Your settlement may also depend on the applicable negligence laws. In Illinois, the law allows for comparative negligence, which means that you and the other driver can both be found partially at fault. If you are determined by law to be more than 50% at fault, you cannot recover any amount under the statute. If you are found to be 50% or less responsible, that amount will be subtracted from any settlement. In no-fault states, no one can collect damages due to negligence, so Illinois residents do have an advantage in these matters.

Settlement Amounts

A good personal injury lawyer won’t make promises about the amount of your settlement, especially early on. The medical bills, loss of wages, etc. need to be calculated. Also, they need to know what the insurance company is offering as a settlement. Many of these cases are settled out of court, but it’s possible that your case may need to go to trial. In short, don’t expect a fast settlement, especially if the accident included severe injuries.

A common settlement amount would be three times your medical bills. So, a judge or jury might decide that your settlement amount should be $60,000 if your medical bills were $20,000. But once a judge and/or jury is involved, they are free to award any amount for pain and suffering that they deem fair. If none of the fault was yours, the settlement will obviously be higher. Of course, your attorney fees will come out of that monetary amount.

So the answer to “How much is my accident worth?” is “It depends.” That answer may not be very satisfying, but many different factors go into determining the amount you are awarded. Getting a skilled and experienced personal injury attorney is vital to your interests.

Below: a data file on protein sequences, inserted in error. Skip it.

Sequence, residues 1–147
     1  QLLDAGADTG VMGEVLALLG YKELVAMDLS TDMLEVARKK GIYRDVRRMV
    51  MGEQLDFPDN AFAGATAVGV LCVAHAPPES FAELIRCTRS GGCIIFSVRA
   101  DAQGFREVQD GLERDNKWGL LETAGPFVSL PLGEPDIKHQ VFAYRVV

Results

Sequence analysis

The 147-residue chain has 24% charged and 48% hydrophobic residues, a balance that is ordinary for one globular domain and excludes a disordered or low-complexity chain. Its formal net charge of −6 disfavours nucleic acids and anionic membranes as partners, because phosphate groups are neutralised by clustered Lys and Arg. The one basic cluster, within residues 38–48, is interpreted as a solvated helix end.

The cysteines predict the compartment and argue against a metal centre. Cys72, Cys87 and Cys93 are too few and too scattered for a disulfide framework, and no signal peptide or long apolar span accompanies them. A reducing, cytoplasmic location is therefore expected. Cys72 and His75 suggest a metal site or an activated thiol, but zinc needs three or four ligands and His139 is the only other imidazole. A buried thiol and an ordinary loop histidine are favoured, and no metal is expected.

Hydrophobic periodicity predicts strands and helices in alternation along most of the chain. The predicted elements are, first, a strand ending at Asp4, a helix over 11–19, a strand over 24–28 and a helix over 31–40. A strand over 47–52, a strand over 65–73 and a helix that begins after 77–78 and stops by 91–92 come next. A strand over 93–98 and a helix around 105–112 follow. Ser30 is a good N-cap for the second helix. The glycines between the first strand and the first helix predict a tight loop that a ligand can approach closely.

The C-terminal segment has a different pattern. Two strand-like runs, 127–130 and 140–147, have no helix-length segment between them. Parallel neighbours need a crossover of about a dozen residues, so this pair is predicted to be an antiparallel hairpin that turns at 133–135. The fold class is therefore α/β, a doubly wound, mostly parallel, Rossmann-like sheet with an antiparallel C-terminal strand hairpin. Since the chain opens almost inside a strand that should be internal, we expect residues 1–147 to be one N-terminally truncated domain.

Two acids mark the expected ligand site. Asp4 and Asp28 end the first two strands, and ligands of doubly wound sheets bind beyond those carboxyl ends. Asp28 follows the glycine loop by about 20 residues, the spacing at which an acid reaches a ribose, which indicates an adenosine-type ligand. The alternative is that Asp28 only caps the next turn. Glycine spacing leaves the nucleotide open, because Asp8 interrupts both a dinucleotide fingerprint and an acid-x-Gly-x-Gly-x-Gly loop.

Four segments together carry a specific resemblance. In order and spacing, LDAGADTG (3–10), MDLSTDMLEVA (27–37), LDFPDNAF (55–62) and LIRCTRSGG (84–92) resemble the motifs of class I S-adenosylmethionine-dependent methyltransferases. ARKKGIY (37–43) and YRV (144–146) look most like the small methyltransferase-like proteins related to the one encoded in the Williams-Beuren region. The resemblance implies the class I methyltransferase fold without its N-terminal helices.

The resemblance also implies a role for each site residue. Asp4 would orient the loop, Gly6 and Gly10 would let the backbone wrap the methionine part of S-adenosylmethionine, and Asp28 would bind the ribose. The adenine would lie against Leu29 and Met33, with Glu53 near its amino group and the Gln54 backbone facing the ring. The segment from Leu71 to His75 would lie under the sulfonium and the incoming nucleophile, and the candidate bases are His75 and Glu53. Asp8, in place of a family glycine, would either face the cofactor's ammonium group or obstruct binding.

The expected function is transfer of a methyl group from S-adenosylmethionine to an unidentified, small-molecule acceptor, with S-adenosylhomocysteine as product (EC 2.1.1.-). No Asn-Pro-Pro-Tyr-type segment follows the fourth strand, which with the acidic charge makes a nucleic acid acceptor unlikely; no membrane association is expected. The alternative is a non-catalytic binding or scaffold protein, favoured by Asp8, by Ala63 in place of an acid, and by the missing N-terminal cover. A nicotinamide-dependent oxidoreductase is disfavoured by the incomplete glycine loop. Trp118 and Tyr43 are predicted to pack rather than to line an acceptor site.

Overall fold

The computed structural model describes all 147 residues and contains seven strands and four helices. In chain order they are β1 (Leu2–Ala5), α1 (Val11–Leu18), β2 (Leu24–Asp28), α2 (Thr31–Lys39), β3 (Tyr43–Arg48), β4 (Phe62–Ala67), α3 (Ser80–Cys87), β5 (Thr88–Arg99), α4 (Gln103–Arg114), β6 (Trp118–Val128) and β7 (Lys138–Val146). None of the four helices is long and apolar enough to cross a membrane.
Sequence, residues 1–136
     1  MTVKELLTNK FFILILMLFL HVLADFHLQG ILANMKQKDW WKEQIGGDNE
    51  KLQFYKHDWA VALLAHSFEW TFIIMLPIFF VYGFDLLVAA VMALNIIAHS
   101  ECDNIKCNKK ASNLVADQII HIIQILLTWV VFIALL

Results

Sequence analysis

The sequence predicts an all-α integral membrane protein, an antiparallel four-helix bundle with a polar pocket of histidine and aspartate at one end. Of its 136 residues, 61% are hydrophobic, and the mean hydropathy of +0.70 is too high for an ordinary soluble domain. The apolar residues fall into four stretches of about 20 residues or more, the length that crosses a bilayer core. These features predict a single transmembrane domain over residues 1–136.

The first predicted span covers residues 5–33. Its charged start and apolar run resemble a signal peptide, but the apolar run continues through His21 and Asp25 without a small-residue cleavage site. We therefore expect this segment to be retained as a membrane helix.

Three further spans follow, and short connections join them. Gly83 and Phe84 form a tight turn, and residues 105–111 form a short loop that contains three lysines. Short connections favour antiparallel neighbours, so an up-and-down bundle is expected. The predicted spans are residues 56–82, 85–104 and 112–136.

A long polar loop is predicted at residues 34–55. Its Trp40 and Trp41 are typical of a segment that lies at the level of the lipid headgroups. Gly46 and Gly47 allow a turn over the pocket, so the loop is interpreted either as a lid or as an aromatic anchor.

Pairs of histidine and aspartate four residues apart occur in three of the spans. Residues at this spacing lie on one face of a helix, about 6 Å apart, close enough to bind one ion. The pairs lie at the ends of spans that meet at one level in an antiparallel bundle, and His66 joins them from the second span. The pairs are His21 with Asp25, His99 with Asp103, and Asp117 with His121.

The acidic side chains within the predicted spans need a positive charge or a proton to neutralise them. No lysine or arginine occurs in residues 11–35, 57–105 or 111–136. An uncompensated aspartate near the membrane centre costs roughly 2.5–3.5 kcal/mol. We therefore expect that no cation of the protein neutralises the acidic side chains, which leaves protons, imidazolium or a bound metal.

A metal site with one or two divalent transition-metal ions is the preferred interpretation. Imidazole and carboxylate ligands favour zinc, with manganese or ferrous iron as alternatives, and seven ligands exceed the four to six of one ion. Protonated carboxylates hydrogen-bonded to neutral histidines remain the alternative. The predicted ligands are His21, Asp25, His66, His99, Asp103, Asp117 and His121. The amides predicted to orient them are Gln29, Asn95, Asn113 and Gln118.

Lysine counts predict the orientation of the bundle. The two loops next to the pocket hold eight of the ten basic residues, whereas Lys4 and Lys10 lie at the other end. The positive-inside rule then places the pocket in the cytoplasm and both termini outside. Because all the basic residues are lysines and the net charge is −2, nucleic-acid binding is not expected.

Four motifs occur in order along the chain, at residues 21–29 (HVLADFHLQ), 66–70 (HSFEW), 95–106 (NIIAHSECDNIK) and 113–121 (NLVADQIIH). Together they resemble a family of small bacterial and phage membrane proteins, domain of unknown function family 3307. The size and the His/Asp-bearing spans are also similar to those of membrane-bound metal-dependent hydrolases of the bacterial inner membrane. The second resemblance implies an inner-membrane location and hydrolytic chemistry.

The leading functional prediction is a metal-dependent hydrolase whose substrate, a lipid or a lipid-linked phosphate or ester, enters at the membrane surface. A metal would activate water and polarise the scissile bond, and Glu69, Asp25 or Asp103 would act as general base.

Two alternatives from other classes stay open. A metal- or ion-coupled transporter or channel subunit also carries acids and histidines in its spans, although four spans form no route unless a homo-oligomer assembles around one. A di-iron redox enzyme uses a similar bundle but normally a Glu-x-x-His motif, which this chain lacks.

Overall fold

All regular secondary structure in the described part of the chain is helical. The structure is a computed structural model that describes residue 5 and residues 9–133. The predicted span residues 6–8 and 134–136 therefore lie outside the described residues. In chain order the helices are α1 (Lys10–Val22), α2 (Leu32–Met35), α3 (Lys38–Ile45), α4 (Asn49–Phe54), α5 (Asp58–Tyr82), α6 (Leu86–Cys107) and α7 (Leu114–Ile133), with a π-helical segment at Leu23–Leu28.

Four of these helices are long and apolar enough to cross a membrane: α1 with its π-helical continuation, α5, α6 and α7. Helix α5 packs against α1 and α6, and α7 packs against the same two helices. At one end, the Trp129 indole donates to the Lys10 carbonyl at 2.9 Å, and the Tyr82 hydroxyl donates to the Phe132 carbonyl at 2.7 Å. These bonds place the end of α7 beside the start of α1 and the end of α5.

WG Law Group

Since Illinois drivers live in a comparative negligence state, they are at an advantage to those in a no-fault state. However, determining fault is tricky. Fortunately, when you are involved in a car accident in Illinois, you have access to excellent legal advice. The legal experts at WG Law Group have favorably settled hundreds of cases and can advise you on the best strategy for receiving a fair settlement amount. Automobile accidents can cause immeasurable suffering and financial distress. You need someone prepared to battle for your interests.

WG Law Group treats everyone with respect and strives to provide individualized treatment. They make certain that you are fully informed during every step of the process. In fact, they urge you to take advantage of their free consultation form that is conveniently located on this website. You do not have to worry about payment now since you are not billed until they secure a settlement for you. If you’ve been involved in an accident, don’t wait. Contact them today by calling 312-334-6875 for the WG Law Group Michigan Avenue location or 815-730-7535 to reach their Shorewood office.

The content of this blog is intended for informational purposes only and does not constitute or establish an attorney-client relationship, nor constitute legal advice. If you wish to discuss any further aspect of the material contained herein, please contact an attorney at Whiteside & Goldberg, Ltd.